The Quiet Crisis, Part 1. A Foreclosure Bluesical by Mandelman Matters
“The Quiet Crisis… A Mandelman Matters Foreclosure Bluesical.”
It’s Part 1… more of a “preface” really… of “The Quiet Crisis.” Click PLAY below… you only need to set aside 20 minutes… and I hope you like it, at least enough to listen to Part 2, which you find next week on Mandelman Matters.
A little background could be in order…
Since the very beginning of Mandelman Matters, I’ve tried to explain to homeowners that they were not the cause of the financial crisis… that led to the foreclosure crisis. It wasn’t “irresponsible borrowers” that caused anything in this country… in fact, the entire idea that borrowers have enough clout to have caused our Great Recession… which is really a global financial crisis… is preposterous.
Our economic state of affairs was the result of a credit crisis… the collapse of the CDO market… a “run” on the bond market, if you will, when beginning in July of 2007, investors stopped trusting the ratings that had been placed on mortgage-backed securities.
Back then, during the early days of August 2007, the “experts” were referring to what had happened as “the abrupt re-pricing of risk,” which is a euphemism for, “I’m lending anyone money because I don’t know who is more or less likely to pay me back.”
I wrote about all of this and more because I knew that when credit markets freeze as they did in 2007, mortgages would dry up, and when that happens people can’t buy homes… and when that happens homes stay on the market longer and longer… which means they get cheaper and cheaper… and if allowed to go on unabated, will result in people owing more than their home is worth.
And once you owe more than your house is worth… should you hit any sort of financial rough patch, like say the loss of a job, an illness or injury, or perhaps a divorce… and you can’t sell the home or borrow against it to get you through the leaner times… you very soon will find yourself at risk of foreclosure.
What I knew about foreclosures was that they would bring great SHAME.
That’s why I didn’t start writing about any of this until late in 2007, when I first heard Fed Chief Ben Bernanke refer to what was happening as “a sub-prime crisis.”
Characterizing our economic downturn that way was stupid… yes, Ben… stupid. And I know Ben knows that I’m right because I heard him a couple of years later being interviewed and he was trying to explain that if your neighbor’s house is on fire and you decide not to help him put it out because he was smoking in bed… you may soon find out that now your own house is on fire.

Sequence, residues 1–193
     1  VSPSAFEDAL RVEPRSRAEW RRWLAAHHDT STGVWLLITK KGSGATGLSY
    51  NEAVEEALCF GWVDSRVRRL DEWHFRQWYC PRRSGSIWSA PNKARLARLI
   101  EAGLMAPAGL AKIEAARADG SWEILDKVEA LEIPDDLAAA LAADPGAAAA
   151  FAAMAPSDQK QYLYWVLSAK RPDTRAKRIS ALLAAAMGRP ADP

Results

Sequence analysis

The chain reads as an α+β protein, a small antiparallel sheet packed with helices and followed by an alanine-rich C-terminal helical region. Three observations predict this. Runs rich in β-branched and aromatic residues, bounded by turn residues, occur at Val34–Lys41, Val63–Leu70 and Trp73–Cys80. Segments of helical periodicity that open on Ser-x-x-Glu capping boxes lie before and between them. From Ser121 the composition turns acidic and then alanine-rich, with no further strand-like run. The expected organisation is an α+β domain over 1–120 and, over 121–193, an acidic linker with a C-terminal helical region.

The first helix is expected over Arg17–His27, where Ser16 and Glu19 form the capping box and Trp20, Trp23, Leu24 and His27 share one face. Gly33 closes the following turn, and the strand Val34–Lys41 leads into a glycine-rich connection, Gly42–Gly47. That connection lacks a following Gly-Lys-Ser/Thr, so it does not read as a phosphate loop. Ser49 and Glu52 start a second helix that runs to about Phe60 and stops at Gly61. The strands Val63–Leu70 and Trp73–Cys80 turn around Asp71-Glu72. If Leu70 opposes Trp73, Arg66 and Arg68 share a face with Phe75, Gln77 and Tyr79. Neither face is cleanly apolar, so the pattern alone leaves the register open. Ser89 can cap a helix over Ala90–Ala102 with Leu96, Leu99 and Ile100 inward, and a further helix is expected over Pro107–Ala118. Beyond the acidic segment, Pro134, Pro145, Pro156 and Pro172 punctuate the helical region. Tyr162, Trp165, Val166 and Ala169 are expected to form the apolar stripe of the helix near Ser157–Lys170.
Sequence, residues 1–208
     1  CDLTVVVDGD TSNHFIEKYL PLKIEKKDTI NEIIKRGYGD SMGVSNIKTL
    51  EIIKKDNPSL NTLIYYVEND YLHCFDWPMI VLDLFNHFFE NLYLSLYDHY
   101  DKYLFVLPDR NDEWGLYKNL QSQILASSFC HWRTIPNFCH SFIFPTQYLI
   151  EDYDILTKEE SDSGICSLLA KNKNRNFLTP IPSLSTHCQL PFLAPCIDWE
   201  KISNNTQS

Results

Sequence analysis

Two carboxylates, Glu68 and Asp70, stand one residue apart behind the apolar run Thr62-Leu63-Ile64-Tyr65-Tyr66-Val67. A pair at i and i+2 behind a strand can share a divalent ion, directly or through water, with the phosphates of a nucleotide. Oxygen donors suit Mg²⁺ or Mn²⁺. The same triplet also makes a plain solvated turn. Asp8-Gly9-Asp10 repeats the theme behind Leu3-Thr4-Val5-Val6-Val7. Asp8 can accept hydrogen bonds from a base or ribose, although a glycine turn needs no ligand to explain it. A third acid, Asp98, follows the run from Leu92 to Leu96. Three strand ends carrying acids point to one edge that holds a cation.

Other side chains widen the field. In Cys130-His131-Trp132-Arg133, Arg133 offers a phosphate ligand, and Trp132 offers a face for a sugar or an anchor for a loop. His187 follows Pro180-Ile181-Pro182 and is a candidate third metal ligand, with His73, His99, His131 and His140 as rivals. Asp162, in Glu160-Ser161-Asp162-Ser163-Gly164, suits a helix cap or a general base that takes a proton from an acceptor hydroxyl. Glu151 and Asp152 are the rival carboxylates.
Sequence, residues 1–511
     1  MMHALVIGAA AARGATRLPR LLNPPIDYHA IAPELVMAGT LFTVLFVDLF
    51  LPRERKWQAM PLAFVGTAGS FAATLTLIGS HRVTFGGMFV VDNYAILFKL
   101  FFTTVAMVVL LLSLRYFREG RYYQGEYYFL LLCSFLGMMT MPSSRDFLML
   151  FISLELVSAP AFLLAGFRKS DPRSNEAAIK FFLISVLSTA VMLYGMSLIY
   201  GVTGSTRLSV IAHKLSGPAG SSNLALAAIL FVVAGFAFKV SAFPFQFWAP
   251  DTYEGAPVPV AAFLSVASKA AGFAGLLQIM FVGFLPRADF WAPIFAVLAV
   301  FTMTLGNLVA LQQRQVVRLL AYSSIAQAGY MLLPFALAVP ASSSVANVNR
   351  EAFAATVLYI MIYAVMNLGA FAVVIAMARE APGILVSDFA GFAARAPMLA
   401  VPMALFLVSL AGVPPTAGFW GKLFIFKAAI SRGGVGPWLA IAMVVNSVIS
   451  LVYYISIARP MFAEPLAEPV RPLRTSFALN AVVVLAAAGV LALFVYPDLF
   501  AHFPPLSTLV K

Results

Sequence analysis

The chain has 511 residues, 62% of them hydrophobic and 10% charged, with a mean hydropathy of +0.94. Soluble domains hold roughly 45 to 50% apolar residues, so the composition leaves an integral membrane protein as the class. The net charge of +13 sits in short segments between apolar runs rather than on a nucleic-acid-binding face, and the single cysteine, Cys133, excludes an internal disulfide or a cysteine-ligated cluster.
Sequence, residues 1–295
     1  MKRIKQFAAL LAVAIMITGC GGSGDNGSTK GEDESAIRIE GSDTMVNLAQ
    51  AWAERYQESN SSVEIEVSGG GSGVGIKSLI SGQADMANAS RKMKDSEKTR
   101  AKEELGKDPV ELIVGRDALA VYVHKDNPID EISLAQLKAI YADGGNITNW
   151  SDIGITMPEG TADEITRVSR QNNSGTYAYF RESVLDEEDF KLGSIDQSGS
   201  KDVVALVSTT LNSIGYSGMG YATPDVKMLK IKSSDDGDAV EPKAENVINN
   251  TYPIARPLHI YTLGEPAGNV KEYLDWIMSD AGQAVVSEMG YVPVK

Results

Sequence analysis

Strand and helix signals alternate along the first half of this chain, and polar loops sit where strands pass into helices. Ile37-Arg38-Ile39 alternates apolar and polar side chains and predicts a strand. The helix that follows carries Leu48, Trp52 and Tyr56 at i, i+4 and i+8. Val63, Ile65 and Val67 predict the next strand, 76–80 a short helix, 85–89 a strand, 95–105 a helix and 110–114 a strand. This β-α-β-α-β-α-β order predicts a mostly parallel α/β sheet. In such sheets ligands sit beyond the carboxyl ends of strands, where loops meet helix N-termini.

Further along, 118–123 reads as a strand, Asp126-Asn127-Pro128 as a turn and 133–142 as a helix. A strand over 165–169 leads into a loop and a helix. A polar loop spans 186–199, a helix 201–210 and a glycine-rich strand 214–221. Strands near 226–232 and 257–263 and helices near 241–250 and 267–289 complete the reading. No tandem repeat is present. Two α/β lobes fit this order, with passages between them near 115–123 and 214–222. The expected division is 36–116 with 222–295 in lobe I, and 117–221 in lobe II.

Talk about too little metaphor too late.
As I wrote back in 2008, blaming “irresponsible sub-prime borrowers,” for what was happening would ensure that there wouldn’t be the political will to fix the problem, once the powers that be realized that it was NEVER a crisis that would be contained to the “sub-prime sector,” in fact, the only place it would be contained to would be planet Earth.
The institutional blaming of borrowers would also cause some borrowers to blame other borrowers and other borrowers to blame themselves. In behavioral economics it’s referred to as the “just world hypothesis” and it means that when we see something bad happen to someone else, we want to believe that it was their behavior that at least contributed to their demise.
So, if our neighbor is losing his or her home to foreclosure, and we notice a jet ski in the garage next door, or recall that out neighbor remodeled his or her kitchen last year, we’re prone to buying into the idea that the home is being lost because of the neighbor’s bad decisions or irresponsible spending.
Meanwhile, that neighbor who is falling behind on mortgage payments will tell no one… in some cases, not even his spouse, until the last possible moment. And what’s keeping him from talking about his situation is shame.
Shame is a form of solitary confinement… you can’t tell anyone about what you’re thinking is consumed by… you can’t sleep… you become increasingly isolated… over time, shame… just like solitary confinement can lead to a damaged state of mental health. The human brain was not designed to live in isolation.
Since I knew that the mainstream media would take a year or two to get a grip on things… and perhaps longer… I wanted to do whatever I could to heal the shame that I knew would be spreading faster than HIV or a wildfire ever could, by educating readers about what really happened… so they’d realize that in point of fact, it was in no way their fault as homeowners.
Over time, I hoped, as people came to understand what had actually happened, they would let themselves off the proverbial hook, and once not bound by shame, they would speak out and when in great enough number, our leaders would gain the political will to start correcting what had been allowed to erode to the point of insane imbalance over the last 30 years or more.
I’m not saying that I thought that I’d be doing any of this alone, I was sure that as time passed I’d be part of a much larger force. Our collective success would ensure that the America my daughter would one day know would be better than were I to fail.
So, now you know the secret plan behind Mandelman Matters…
That was my plan, and to some degree I succeeded, although I realized by 2009, that I’d need to communicate using more than the printed word if I wanted my message to spread faster. The book is almost always better than the movie, but it takes a lot longer to read Gone with the Wind… than to watch the movie.
So, here’s another medium… a new idea… in the form of a podcast… that in later versions will become a type of documentary… that brings together my words, along side the words of others… supported by carefully selected original music…
… a “FORECLOSURE BLUESICAL,” if you will.